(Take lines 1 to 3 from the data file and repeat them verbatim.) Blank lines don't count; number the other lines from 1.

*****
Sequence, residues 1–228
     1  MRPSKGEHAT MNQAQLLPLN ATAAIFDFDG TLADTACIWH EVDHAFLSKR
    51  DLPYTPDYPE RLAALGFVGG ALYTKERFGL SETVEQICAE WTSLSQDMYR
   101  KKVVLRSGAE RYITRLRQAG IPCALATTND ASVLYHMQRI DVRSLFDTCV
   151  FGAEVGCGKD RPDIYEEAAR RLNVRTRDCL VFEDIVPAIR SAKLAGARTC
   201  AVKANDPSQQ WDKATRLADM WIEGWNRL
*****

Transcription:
Sequence, residues 1–228
     1  MRPSKGEHAT MNQAQLLPLN ATAAIFDFDG TLADTACIWH EVDHAFLSKR
    51  DLPYTPDYPE RLAALGFVGG ALYTKERFGL SETVEQICAE WTSLSQDMYR